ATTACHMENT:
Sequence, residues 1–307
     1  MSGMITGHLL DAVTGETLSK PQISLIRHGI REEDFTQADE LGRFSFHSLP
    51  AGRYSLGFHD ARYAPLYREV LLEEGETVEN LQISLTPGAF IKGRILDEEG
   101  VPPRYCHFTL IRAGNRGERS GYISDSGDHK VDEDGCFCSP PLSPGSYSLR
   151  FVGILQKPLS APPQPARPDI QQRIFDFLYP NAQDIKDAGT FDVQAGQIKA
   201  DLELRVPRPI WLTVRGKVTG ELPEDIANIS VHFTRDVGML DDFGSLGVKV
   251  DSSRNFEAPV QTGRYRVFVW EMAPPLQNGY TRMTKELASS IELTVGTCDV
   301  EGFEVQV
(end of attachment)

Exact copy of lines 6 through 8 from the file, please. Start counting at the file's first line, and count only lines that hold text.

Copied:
   201  DLELRVPRPI WLTVRGKVTG ELPEDIANIS VHFTRDVGML DDFGSLGVKV
   251  DSSRNFEAPV QTGRYRVFVW EMAPPLQNGY TRMTKELASS IELTVGTCDV
   301  EGFEVQV